A recent ruling by the Michigan Court of Appeals could have broad implications for Michigan tax policy. The court ruled that the spirit of Proposal A, which limits annual increases in property taxes, was violated by the decision of the city of Charlvoix to increase property taxes on the home of Nathan Klooster following his father's death in 2005. Mr. Klooster does not reside in the house, and was added to the house's deed only months before his father died. The court ruled that this did not constitute a transfer of ownership, and the taxes on the home should therefore have remained fixed. Under Proposal A, property taxes can increase only up to 5% or the rate of inflation so long as the same person owns the home in question. However, if the ownership of the home is transferred, the taxable value of the house can rise at a much greater rate.. The stated purpose of Proposal A was to provide incentives for homeowners to remain in the same home, encouraging neighborhood stability while simultaneously keeping the tax burden on homeowners low. The taxable value of a home is limited in the amount it can increase. During periods when the value of real estate is rising, this provides significant savings for taxpayers.
One issue this ruling clearly raises is the possibility of using legal loopholes to avoid a higher tax burden. Nathan Klooster does not live in the house in Charlvoix. His name was added to the deed in the final few months of his father's life, after it had become apparent he likely would live much longer. This legal maneuvering seems to have been engineered at least partially to avoid paying a higher share in property taxes. Such an arrangement could be produce not only among family members, but by anyone who intends to purchase a house. A proliferation of such activity would deprive the state of Michigan of substantial amounts tax revenue. It is clear that the state has lost untold billions of dollars since the passage of Proposal A, and that this situation would only be exacerbated if significant numbers of people begin to take advantage of the ability to avoid higher property taxes by transitioning to joint-ownership of homes before selling.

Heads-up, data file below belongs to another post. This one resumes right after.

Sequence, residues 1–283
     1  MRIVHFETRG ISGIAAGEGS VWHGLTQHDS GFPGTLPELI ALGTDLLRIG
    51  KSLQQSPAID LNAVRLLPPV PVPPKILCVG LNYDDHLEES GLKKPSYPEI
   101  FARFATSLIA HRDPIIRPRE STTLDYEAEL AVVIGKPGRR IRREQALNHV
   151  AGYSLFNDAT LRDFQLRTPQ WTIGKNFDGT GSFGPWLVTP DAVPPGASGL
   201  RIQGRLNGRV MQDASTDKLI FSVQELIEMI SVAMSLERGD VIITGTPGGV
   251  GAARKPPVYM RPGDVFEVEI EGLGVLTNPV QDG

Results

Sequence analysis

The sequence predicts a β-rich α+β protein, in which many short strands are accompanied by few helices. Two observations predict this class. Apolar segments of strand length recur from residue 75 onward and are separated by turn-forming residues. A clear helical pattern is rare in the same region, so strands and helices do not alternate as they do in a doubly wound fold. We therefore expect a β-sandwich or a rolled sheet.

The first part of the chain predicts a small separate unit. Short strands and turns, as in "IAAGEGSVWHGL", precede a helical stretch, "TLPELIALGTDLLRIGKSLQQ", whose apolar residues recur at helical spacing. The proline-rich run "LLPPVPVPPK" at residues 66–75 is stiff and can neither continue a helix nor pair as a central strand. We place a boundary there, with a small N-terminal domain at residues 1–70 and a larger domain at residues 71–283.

If the decision of the court is upheld, there will likely have to be some kind of legislative response. However, Proposal A cannot be overturned by an act of the state legislature, only by another ballot proposal. Such a proposal would take time to develop and could be difficult to pass. Limitations on property taxes, while potentially beneficial to financially struggling Michigan home owners, only further deprive our state government of much-needed revenue which could be used to prevent further cuts to vital public services. Regardless of the solution, it seems that serious proposals to reform Michigan's property tax system are likely in the near future.
Northern Michigan tax dispute could have 'bigger ripple'